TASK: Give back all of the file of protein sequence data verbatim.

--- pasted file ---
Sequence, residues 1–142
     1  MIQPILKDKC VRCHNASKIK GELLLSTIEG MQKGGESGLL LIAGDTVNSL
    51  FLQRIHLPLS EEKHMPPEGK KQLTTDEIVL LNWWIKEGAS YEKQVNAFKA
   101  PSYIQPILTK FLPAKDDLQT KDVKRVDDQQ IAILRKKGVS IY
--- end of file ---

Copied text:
Sequence, residues 1–142
     1  MIQPILKDKC VRCHNASKIK GELLLSTIEG MQKGGESGLL LIAGDTVNSL
    51  FLQRIHLPLS EEKHMPPEGK KQLTTDEIVL LNWWIKEGAS YEKQVNAFKA
   101  PSYIQPILTK FLPAKDDLQT KDVKRVDDQQ IAILRKKGVS IY